Despite the ban on using cannabis across professional sports in the U.S., Harrington said, “I see so many players use it now, and these guys are obviously the world’s greatest athletes. They use cannabis for their own medicinal purposes, and it’s just ridiculous that they have to hide that. The day is coming. It’s coming.”
When he talks to other NBA players and athletes about investing in the cannabis industry, he said they are afraid of losing their contracts if they become associated with a weed company.
“They still scare these guys,” he said. “I get it because, you know, number one, if you [use CBD], you have to make sure you do it with somebody you trust and who is handling business the right way. There are some serious challenges, and I’m very upfront with them about it. But I also tell them most pro athletes are black or minority and we do have some disposable income, so you can’t wait too much longer because there’s a window and it’s closing fast.”
As that window closes, Harrington wonders how many brands will be able to survive and how many of them will have POC or celebrity owners.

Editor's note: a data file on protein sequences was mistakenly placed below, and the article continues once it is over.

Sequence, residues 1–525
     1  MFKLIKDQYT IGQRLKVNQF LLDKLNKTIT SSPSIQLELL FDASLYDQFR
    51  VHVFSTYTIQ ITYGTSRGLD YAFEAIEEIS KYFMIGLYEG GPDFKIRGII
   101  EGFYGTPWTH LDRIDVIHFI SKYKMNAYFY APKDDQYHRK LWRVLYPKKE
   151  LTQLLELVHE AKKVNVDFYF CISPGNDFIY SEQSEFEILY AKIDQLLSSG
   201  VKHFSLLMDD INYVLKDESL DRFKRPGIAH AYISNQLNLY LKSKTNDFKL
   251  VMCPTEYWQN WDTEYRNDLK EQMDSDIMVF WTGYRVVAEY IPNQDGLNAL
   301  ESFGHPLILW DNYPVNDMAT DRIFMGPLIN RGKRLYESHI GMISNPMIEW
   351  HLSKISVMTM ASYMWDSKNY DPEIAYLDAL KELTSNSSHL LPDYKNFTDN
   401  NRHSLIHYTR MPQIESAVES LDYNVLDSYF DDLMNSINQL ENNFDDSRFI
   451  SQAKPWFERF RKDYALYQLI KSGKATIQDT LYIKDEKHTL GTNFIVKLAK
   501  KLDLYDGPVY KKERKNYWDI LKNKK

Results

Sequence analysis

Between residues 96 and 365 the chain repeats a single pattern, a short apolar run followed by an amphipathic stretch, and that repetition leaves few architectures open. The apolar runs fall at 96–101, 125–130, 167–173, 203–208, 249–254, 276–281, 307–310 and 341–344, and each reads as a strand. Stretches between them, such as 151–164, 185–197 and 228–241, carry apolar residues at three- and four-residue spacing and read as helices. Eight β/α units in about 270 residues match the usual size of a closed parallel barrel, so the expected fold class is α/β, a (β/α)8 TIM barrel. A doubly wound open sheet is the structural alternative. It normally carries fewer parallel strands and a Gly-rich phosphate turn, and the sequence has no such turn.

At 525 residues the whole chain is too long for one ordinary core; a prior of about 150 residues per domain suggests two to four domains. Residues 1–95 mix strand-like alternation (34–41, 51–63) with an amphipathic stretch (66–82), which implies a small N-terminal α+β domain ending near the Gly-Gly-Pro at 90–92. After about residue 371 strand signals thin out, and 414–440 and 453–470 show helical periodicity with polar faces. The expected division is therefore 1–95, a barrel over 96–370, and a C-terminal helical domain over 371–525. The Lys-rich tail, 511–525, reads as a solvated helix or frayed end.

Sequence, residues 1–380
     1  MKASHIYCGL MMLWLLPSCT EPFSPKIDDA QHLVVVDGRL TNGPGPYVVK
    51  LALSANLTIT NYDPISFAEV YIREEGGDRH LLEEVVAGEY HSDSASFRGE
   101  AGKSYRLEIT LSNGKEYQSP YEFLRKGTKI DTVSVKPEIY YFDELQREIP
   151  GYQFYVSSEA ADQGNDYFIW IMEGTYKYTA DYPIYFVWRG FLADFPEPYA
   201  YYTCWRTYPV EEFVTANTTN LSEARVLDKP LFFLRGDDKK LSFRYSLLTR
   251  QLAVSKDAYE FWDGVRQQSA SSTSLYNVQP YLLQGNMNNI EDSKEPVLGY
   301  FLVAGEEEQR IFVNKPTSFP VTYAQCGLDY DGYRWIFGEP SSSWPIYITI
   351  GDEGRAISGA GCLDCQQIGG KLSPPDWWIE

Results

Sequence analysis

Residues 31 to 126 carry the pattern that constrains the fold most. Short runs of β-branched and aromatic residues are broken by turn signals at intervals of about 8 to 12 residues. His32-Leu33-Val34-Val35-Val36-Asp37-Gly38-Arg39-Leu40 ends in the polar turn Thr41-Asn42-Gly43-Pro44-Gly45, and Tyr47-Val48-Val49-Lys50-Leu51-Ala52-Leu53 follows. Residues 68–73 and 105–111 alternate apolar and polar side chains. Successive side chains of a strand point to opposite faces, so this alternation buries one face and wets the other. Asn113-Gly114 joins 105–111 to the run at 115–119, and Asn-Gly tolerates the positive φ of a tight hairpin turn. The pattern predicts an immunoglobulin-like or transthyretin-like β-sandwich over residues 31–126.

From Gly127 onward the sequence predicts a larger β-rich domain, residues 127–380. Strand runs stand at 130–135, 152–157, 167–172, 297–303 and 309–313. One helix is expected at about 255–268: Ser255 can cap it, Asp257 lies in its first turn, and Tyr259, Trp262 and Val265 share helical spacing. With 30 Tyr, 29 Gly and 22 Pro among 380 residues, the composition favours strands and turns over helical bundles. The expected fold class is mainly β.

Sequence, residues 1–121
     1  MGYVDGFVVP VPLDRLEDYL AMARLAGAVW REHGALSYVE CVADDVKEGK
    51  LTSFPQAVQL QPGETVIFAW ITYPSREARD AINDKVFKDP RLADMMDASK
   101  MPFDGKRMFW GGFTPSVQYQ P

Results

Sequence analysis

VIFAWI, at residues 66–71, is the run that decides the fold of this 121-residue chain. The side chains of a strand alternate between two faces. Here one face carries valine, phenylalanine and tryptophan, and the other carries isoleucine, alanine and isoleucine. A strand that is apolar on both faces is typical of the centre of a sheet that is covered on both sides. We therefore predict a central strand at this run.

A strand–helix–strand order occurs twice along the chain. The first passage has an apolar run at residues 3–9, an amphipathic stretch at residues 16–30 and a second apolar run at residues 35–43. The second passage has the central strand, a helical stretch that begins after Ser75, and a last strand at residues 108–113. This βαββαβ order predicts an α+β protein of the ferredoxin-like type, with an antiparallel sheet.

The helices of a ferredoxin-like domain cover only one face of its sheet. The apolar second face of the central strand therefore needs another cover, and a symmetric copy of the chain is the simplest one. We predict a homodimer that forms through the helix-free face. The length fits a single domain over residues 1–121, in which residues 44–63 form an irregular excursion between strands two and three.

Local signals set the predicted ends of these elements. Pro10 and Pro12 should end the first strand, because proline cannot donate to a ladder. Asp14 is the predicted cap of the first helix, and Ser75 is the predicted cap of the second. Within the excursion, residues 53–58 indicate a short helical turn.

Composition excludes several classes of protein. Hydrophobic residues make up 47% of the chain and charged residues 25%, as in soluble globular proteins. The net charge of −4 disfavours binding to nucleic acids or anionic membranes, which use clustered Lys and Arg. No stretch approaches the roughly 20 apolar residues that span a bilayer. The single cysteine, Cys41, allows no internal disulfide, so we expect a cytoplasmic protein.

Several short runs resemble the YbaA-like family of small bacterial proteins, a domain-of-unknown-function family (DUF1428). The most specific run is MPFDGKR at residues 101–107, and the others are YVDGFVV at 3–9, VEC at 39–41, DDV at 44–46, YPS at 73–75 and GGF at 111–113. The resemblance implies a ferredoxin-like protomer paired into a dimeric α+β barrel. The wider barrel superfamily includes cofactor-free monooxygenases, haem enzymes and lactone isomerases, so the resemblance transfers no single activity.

“There’s a culture in this business, and there are a lot of people whose lives were ruined to get us to this point,” he said. “Some of these celebrity brands aren’t going to win, because there is something authentic about cannabis and so many brands are throwing around money and women and don’t stand for much. It’s the brands you don’t hear about that are making crazy money. “Even the approach of a celebrity-driven brand—there’s not one that’s really successful,” he added. “[Viola is] not a celebrity brand. I just so happen to be the CEO, but I work my ass off and put my own money into this and don’t feel like I’m different from everybody else.”